Shifting Borders

D.E. Helbling

Shifting Borders

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What the book is about?

Jakovy of Tinnipuli, loyal and noble solider of King Absomeel the Dismal, set out from the land of Kadar on an excursion into the neighboring kingdom of Goorg. It should have been an easy trip. His goal: engage the services of his old friend Master Norton, the renowned bladesmith of Brenardia, to fix a rather embarrassing problem he was having with his heirloom sword, Bobbo. Little did he suspect he would be bumping up against unreasonable locals with age old hostilities or, worse yet, another angry tribe of mountain trolls. Are his wit, charm, and skills with a borrowed blade enough to get him back home safely? It all depends upon the cooperation of an unruly bunch of Kadar expatriates, the reasoning of a stubborn troll leader, and luck.


A look inside the book

Jakovy drew his sword from the makeshift scabbard he had fashioned from an old belt and held it up above his head. He began walking slowly toward, then across the bridge. As he reached the other side, something flew out toward him from behind a large rock. He quickly sidestepped, and watched as it rolled toward the far side of the road. It was the head of a young woman, most likely the missing daughter of the mayor, Jakovy thought. Mercifully, her long hair, tangled and matted with blood, covered her facial features.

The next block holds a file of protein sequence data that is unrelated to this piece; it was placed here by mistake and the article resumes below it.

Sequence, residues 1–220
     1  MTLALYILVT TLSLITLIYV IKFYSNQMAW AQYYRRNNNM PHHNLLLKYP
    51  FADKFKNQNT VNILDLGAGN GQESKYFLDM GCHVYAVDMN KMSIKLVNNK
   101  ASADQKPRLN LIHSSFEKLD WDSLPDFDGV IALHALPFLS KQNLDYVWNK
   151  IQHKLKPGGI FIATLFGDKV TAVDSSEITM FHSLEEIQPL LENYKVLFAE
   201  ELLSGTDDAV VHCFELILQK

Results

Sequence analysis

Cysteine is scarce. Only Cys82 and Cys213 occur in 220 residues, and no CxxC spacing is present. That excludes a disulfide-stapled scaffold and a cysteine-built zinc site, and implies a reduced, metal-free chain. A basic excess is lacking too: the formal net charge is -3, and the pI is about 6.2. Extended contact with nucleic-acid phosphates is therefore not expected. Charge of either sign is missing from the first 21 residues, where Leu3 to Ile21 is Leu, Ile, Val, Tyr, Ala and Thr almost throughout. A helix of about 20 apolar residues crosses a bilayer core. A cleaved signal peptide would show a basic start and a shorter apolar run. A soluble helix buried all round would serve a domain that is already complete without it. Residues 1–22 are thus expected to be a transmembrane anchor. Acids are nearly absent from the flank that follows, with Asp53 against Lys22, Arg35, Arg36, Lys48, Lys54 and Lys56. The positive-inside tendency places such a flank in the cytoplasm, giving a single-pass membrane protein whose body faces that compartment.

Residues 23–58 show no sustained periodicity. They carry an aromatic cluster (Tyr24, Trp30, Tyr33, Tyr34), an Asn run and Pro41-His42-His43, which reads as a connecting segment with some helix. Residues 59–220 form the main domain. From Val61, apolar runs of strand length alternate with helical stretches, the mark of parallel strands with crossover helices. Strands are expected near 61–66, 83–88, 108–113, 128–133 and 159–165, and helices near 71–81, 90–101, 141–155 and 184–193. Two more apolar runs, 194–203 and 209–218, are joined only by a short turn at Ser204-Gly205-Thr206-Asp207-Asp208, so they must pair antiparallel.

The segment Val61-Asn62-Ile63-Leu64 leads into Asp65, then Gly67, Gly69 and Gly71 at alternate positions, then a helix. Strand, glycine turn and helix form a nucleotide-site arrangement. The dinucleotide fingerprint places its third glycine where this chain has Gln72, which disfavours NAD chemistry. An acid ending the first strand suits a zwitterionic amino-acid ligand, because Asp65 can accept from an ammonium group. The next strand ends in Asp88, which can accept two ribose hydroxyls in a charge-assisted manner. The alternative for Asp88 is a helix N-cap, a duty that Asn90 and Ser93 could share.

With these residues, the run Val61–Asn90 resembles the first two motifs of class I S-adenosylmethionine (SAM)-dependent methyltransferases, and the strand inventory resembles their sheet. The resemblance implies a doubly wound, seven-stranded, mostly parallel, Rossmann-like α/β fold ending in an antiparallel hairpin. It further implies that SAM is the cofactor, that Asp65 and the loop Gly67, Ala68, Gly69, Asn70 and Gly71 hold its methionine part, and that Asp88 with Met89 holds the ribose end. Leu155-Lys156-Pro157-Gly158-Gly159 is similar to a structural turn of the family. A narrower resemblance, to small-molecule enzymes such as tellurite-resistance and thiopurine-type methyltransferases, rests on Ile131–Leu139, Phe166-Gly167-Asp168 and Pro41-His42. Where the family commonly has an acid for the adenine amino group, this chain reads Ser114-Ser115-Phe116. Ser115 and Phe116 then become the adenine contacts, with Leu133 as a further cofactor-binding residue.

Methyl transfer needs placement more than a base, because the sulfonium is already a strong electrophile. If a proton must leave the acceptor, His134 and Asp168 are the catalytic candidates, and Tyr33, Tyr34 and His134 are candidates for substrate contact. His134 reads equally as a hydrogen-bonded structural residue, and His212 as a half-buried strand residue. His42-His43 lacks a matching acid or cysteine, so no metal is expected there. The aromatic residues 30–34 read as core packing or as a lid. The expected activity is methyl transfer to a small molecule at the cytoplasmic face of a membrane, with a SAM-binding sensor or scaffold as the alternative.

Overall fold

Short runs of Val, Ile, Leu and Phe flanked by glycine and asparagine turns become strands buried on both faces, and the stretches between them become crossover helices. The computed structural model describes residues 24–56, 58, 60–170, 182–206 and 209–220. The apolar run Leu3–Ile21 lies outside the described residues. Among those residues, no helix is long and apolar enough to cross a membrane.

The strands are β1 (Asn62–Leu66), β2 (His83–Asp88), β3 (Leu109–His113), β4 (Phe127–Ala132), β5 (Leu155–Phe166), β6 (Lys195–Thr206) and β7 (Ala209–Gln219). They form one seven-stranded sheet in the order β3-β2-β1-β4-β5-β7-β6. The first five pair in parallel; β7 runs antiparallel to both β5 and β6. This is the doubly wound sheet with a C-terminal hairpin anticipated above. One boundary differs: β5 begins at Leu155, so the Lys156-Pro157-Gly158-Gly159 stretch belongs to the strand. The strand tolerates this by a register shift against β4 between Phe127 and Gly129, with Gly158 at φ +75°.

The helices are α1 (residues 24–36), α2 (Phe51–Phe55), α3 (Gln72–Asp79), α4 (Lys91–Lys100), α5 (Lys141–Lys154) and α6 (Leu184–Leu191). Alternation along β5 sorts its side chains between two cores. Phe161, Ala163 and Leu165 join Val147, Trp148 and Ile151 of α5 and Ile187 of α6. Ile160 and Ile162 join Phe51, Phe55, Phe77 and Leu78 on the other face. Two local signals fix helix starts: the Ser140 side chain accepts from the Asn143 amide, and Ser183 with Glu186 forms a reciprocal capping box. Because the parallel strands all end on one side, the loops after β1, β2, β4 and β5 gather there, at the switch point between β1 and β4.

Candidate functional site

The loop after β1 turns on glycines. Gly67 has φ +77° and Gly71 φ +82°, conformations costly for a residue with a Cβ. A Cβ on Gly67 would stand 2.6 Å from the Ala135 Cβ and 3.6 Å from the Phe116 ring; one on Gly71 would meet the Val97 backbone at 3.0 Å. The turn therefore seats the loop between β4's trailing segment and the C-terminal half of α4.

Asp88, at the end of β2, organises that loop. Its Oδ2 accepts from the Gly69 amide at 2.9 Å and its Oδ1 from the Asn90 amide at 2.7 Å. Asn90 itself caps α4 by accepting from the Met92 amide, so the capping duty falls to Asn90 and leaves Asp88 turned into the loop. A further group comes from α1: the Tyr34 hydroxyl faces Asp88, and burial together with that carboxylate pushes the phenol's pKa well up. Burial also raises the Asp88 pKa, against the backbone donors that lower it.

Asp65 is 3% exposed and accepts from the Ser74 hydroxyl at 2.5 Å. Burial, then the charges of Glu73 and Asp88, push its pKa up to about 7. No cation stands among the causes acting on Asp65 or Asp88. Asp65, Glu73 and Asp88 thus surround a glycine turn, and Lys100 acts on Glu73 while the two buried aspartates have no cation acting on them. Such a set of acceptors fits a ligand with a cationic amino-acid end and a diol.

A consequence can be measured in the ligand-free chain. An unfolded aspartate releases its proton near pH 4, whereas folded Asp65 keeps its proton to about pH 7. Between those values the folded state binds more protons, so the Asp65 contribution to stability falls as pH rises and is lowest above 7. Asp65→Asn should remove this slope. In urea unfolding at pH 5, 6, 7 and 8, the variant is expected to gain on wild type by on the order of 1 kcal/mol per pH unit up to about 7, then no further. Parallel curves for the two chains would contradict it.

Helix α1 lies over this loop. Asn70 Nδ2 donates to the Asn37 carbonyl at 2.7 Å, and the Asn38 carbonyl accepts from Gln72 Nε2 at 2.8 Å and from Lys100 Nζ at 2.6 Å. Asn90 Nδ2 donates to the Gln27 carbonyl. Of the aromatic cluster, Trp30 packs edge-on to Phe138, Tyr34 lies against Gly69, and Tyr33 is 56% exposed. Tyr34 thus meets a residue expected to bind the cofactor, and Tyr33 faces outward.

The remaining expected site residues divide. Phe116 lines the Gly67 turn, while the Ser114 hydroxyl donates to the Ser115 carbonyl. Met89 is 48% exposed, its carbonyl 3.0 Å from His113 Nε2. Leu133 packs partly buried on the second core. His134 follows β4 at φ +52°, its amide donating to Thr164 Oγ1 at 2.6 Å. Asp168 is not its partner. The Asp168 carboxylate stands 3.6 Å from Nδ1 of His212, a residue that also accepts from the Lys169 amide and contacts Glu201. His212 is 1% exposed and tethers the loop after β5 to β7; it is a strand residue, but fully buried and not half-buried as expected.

"Come out, Master Troll," Jakovy commanded.

From behind the rock where the head had come flying, he emerged. He was a large troll, even by the standards of these mountains, which were known to produce some the largest ever seen. At least eight feet, Jakovy reckoned, and he thought there was something familiar about this one. As he was very close to where he and his fellow noblemen had gathered not so long before to drive the trolls back, Jakovy expected that this very troll could have been among those who had previously escaped.

The troll, all eight feet of stinking fur and oversized limbs, walked slowly toward Jakovy, then past him. The troll bent over, picked up the head of the slain girl, then walked it to the far side of the road and placed it back on the ground. Jakovy looked closer, and saw that this was indeed a second line across the road, with the girl's head marking the end of the line.

"New lines," growled the troll, in a low voice that was at once gravelly and somewhat liquid. "Cross and die." The troll pointed his long, hairy arm toward one end of the line, and then the other. Then he strolled slowly backward from the line and turned around to face Jakovy.


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